The key thing is safety – before attempting any non-response behaviour, you need to know you are not at risk from physical harm. At school, you do need to walk firmly and fast to the school office and stay there until the principal or another senior teacher listens to you. I met one young lady once who found it difficult to get teachers to listen to her. She was often told to go back out there and say ‘STOP’ – not terribly effective with big time bullies I’m afraid. On the occasion when the bully pulled out a knife and got hold of her hair, she ran to the Office and repeated over and over “Help, help, help, help, help…..” Until she was given serious attention. Sad it took this to get the help she, and others, needed to stay safe from bullies.
In the work place there can be a great deal of bullying either from the Top down, sometimes within a work Team. But exactly the same pattern occurs. (Keep in mind that bullies do get jobs!) The targeting of a victim is done to see whether a worker will respond by either allowing the manipulation to continue beyond the first ‘trial run’ by the bully, or by being isolated and offered ‘special’ favours by a senior staff member. This ‘grooming’ may lead to pay back on favours accepted.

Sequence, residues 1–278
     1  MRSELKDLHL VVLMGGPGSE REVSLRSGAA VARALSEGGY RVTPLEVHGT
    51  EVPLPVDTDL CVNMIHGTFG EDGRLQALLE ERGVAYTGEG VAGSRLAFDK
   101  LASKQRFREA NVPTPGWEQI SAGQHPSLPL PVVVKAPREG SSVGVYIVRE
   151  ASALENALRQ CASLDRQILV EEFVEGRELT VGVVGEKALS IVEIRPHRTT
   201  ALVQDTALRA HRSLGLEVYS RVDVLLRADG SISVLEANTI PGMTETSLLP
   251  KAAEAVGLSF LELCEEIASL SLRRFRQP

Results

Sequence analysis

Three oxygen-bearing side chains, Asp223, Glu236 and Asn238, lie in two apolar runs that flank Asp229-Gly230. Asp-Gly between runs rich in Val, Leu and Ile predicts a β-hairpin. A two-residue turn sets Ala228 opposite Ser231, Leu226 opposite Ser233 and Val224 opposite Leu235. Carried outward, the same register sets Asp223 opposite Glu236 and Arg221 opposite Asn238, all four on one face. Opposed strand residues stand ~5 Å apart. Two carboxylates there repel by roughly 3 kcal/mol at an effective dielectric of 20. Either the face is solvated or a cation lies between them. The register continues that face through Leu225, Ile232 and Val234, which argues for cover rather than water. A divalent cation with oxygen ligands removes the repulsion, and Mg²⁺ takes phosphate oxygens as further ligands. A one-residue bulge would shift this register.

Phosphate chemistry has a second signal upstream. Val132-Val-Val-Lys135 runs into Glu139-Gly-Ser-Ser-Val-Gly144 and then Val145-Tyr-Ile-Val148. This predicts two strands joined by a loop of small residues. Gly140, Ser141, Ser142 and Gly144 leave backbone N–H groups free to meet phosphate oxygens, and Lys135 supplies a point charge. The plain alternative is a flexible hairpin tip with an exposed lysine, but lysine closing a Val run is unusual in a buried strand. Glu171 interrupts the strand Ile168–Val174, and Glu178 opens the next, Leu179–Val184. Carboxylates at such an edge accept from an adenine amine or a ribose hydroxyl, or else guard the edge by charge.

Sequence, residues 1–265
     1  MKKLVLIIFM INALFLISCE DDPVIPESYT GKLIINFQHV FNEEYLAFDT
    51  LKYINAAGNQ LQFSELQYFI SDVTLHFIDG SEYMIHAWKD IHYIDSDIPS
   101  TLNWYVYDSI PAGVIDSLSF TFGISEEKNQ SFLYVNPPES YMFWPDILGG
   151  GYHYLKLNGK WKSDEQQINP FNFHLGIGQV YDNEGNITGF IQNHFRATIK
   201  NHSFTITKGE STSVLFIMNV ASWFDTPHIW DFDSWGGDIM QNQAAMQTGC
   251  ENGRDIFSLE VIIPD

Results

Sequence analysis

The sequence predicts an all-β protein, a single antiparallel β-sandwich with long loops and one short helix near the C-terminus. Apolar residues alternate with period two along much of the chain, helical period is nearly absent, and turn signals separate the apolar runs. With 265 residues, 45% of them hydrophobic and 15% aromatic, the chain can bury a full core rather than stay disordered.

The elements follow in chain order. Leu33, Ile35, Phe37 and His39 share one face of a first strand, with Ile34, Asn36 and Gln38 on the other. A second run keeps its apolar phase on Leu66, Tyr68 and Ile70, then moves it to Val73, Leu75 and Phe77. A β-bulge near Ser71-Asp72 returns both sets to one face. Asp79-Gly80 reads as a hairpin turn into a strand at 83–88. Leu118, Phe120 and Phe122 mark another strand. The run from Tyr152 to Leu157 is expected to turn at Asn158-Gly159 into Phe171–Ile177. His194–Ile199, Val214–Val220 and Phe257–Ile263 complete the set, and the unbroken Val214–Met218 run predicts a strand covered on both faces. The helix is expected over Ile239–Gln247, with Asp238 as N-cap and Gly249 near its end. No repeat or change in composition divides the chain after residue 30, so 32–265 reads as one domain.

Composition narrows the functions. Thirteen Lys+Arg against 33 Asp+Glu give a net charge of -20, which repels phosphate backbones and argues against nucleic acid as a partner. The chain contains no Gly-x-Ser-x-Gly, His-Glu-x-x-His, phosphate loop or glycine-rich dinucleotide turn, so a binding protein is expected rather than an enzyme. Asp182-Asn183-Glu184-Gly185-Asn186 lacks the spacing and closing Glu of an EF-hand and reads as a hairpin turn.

EXAMPLE: A young worker started her first job within a work team, she was nervous, lacking confidence and was overly thankful for a seemingly kind, benevolent Team Leader (TL), who took her under her wing. Little by little her family realised that she was working ‘all the hours’ – quite voluntarily but not paid Overtime – to please the TL. Only she never did manage to please the TL, instead she became tired, snappy, irritable and often close to tears at nothing in particular. She was being very effectively manipulated to produce a whole lot more work than the others, and to give her TL a huge amount of ‘power’ satisfaction- covert workplace bullying. Her fellow staff members were unimpressed with her seemingly boot-licking behaviour and excluded her.